Chamber Tomb of Pentre Ifan near Newport, Pembrokeshire and The Tolmen of Constantine, Cornwall

Richard Tongue was committed to his role as a recorder of megaliths, which are large stones that form historic monuments. Often located in sites not easily accessed, Tongue wished to increase the awareness of those who would have no opportunity to visit them and the importance of recognising the need for preservation and protection. One can understand Tongue’s motivations in light of the fact that the Tolem, a natural phenomenon no longer in existence, was dislodged by workers in 1869 and rolled into the 40-foot quarry below. The public outcry that followed this led to the Ancient Monuments Protection Act of 1882. The Chamber Tomb of Pentre Ifan, however, does still stand as is the largest Neolithic burial chamber in Wales. Presented by Tongue to the Society in 1835 these two paintings resonate with the history and politics of recoding, preserving, and protecting artefacts.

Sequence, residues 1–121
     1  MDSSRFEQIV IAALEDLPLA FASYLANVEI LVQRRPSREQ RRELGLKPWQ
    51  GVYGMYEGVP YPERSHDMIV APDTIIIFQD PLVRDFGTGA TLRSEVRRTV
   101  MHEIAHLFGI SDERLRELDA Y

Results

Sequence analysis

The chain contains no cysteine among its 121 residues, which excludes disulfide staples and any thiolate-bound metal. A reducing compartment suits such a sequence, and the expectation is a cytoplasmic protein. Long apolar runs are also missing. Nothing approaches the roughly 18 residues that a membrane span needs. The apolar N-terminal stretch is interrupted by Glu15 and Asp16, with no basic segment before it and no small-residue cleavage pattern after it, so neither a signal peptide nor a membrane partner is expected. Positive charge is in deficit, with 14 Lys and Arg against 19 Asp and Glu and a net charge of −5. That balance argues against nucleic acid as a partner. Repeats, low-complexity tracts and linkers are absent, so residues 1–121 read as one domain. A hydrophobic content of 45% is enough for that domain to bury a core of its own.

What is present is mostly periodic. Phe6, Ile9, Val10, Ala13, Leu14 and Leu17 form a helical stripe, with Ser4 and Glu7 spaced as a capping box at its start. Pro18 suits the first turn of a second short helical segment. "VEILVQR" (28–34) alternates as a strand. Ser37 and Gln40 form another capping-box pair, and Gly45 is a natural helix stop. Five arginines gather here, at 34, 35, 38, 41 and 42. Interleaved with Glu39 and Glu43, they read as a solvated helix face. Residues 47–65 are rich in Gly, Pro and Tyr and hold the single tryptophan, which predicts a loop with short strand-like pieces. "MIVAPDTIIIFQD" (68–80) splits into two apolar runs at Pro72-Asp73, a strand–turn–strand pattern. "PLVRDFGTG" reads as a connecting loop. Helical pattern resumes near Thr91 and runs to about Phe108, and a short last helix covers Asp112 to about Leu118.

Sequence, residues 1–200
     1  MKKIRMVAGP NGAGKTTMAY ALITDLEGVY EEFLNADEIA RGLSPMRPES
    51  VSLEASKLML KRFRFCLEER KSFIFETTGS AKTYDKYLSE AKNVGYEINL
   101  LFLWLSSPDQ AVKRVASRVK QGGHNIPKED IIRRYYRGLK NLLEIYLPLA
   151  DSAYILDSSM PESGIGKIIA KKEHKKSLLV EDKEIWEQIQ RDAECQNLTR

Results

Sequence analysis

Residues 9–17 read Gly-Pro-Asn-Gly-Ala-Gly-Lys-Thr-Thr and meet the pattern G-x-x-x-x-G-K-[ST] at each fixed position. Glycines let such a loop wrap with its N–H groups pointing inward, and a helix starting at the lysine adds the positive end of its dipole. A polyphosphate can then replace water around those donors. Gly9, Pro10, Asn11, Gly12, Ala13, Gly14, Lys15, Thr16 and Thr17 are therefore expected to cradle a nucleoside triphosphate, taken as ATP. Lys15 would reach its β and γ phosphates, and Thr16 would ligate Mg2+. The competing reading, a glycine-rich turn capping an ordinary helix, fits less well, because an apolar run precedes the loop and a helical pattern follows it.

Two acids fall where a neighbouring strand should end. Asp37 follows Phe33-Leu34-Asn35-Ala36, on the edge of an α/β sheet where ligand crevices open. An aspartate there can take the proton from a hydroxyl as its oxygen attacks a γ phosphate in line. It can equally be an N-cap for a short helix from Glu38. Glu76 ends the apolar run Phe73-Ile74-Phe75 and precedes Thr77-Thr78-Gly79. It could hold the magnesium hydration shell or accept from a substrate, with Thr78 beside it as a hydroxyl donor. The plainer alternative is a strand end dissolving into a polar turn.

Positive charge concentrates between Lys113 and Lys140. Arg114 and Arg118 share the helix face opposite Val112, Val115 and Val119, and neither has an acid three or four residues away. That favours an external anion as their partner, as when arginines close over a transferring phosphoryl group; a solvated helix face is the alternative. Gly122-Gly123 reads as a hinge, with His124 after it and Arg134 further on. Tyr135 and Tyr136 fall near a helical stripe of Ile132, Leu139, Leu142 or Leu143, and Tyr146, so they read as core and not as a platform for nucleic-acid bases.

Artist / Maker
Richard Tongue (fl. 1835-1838)
Both oil on canvas
51 x 71cm
Burlington House